Posts Tagged ‘Cotswolds’
Color me humbled. Here I was thinking the UK wasn’t exotic enough for two around-the-world travelers who just spent 6 months in Asia. But the beauty of cosmopolitan London, the romanticism of the English countryside, and the history and general awesomeness of North Wales did a lot to change my mind. Just goes to show, you can find whatever it is you’re looking for in any country, as long as you remember to keep your mind open and your curiosity healthy.
Days spent here: 16 (July 16-August 1, 2009)
Places we would like to visit next time: Scotland, especially Edinburgh
Average daily expenditures (for two people): US$95/day in London (note that we did not pay for housing because we stayed with a friend); US$200 the rest of the time we were in the UK (including our rental car)
Guidebooks we used: Eyewitness London and Rick Steves’ Great Britain. Honestly, we probably wouldn’t have chosen these books for ourselves, but our generous host in London (Chi-Chi) had them sitting on her bookshelf so we were able to borrow them for free. Up until now, we have primarily used Lonely Planet guidebooks, and I guess we’ve grown accustomed to the LP’s format, because we found all the photos and illustrations in Eyewitness London distracting. Just give us the quick and dirty info we need, Eyewitness! Rick Steves’ book was much more useful, but it is obviously slanted towards older travelers. In one case, he recommended making a hotel reservation via phone, fax, or letter. Letter?!? Who writes letters?!?
Prices: No bones about it, the UK (and especially London) is expensive. Even with the sterling pound down in the currency markets, it still reigns over the crappy dollar. In particular, dining out will really hurt your pocketbook, with a pub meal in London running at minimum £10 (US$15). In London, you can keep costs down by (1) going to museums (which are free) and avoiding outrageously expensive tourist sights like the London Tower, and (2) making friends with someone who has a spare couch.
Accommodation can also hurt the budget. We spent between £55-60 (approx. US$90-100) for double rooms with bathroom ensuite.
Surprisingly, renting a car in the UK is quite cheap. Our week driving around England and Wales set us back a reasonable US$34 per day.
Weather: We were in the UK during summer, which we found quite pleasant! Of course, bear in mind that we came from China, where the heat and humidity pretty much defeated us, so we found the cooler temps in the UK quite refreshing. We had some rain but also some gloriously clear weather, and the days were nice and long (we imagine that winter in the UK might be a bit depressing, with darkness starting at 4PM and all).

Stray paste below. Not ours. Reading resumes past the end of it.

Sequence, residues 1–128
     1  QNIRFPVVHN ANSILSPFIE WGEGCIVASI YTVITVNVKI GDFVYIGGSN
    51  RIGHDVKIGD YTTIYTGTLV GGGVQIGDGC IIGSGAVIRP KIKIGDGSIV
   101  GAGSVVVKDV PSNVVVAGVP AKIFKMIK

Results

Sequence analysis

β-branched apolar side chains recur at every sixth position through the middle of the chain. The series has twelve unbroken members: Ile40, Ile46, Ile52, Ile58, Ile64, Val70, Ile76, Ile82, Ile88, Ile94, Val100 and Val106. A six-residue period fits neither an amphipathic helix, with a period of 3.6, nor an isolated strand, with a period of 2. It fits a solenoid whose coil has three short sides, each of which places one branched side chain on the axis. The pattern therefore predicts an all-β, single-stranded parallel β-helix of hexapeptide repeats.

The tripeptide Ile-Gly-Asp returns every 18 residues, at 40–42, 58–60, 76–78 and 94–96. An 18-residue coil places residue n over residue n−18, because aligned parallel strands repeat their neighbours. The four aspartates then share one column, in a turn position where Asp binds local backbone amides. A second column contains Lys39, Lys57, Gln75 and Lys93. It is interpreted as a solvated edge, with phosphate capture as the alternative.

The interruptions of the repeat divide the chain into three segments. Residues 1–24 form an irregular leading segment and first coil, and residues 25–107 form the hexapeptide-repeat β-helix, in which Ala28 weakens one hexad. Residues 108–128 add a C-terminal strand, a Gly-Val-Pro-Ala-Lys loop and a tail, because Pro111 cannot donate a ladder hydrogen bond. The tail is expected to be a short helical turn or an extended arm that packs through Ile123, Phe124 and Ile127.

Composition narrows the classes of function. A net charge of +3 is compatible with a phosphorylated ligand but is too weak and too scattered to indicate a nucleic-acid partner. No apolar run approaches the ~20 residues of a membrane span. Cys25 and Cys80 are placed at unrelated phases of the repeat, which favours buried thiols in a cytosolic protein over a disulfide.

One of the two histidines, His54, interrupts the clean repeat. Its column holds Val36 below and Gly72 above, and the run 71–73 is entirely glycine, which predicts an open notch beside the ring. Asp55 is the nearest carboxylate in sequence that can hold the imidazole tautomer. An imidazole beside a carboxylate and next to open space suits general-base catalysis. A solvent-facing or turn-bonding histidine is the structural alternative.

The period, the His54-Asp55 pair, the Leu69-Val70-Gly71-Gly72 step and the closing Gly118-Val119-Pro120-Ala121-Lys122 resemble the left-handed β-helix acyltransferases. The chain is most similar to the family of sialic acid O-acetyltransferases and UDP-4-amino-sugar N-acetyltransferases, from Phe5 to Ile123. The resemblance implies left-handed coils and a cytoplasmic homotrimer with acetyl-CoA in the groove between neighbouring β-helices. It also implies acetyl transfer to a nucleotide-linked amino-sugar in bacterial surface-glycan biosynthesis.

Food: Nobody seems to believe us, but we swear it’s true: British food is good now! It is still the case that walking into any old sandwich shop is not going to get you the best grub, but there are really excellent restaurants out there now (at all price ranges) that serve food on par with any other cosmopolitan city. In fact, we had some of the best salmon we’ve ever tasted at Chi-Chi’s local pub in Chiswick (The Roebuck) for only £5 (about US7.50)!
And of course, despite the UK’s bad culinary reputation, the English breakfast has always reigned supreme:
Accommodation: We can’t comment on accommodation in London, since we stayed with a friend, but it seems that B&Bs are the best value in the English and Welsh countryside. We stayed in a youth hostel in Wales and had to pay extra for breakfast and towels, which would have been included in the price if we stayed at a B&B.
Transit: In London, we got around on the Tube, and we generally found it to be excellent, with good coverage and easy transfers. Our one complaint: there seems to be no ventilation in the cars other than tiny windows at the beginning and end of each car. I know London’s weather is typically pretty dreary, but we found the Tube stifling on days when the mercury barely busted 70 degrees!
For the rest of our week exploring England and Wales, we rented a car, which, at only US$34 per day, was quite reasonable considering how much everything else costs in the UK.
Internet: Like most developed countries, wi-fi is either locked or expensive, and sometimes both.
Culture: We only visited England and Wales, but there are pretty big cultural differences between the two home nations. In general, people in London tend to be like people in most big cities: rushed and at times dismissive (though Londoners have the added joy of being aggressive drunks). We also noticed that Londoners tend to think of everyone north of London as backcountry hicks. In general, we found the people in the English countryside and Wales nicer and friendlier than the people in London…but I don’t mean to give Londoners a bad name. Our friend-of-a-friend Jonah and his girlfriend were really, really cool and they took us out to all these excellent off-the-beaten-path bars and clubs the night we went out with them. So while the average Londoner on the street might not strike you as overly friendly, they are excellent hosts and their distance might just be a function of the big city.
In short: Incredible architecture, historic sites, beautiful countryside, AND good food (yes, really)! We had a wonderful time in the UK!